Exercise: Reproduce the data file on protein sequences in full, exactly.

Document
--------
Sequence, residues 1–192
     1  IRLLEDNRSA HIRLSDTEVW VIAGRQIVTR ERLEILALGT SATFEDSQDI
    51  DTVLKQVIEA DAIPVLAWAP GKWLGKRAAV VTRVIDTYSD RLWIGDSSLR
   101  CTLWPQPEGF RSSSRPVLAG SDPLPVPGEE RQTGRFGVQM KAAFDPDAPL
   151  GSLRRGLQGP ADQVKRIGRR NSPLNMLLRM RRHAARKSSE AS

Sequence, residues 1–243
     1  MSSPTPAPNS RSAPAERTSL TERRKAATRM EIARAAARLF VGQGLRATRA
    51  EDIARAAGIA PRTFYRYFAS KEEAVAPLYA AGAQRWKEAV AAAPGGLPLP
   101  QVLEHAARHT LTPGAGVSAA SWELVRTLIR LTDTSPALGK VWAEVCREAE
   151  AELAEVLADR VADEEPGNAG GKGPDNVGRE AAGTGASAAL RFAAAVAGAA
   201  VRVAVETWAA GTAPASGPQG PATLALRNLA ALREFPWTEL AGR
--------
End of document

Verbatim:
Sequence, residues 1–192
     1  IRLLEDNRSA HIRLSDTEVW VIAGRQIVTR ERLEILALGT SATFEDSQDI
    51  DTVLKQVIEA DAIPVLAWAP GKWLGKRAAV VTRVIDTYSD RLWIGDSSLR
   101  CTLWPQPEGF RSSSRPVLAG SDPLPVPGEE RQTGRFGVQM KAAFDPDAPL
   151  GSLRRGLQGP ADQVKRIGRR NSPLNMLLRM RRHAARKSSE AS

Sequence, residues 1–243
     1  MSSPTPAPNS RSAPAERTSL TERRKAATRM EIARAAARLF VGQGLRATRA
    51  EDIARAAGIA PRTFYRYFAS KEEAVAPLYA AGAQRWKEAV AAAPGGLPLP
   101  QVLEHAARHT LTPGAGVSAA SWELVRTLIR LTDTSPALGK VWAEVCREAE
   151  AELAEVLADR VADEEPGNAG GKGPDNVGRE AAGTGASAAL RFAAAVAGAA
   201  VRVAVETWAA GTAPASGPQG PATLALRNLA ALREFPWTEL AGR